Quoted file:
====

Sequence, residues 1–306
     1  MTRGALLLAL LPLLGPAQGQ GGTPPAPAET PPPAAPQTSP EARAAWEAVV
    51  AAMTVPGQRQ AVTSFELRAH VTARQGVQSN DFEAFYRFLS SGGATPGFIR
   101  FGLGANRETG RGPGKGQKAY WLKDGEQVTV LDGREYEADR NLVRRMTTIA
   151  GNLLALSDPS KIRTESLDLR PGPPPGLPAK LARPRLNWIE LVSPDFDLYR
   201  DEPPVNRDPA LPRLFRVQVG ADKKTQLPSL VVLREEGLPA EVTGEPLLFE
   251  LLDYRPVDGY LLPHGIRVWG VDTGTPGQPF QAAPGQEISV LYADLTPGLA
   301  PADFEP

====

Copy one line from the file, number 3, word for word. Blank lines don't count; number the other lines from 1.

    51  AAMTVPGQRQ AVTSFELRAH VTARQGVQSN DFEAFYRFLS SGGATPGFIR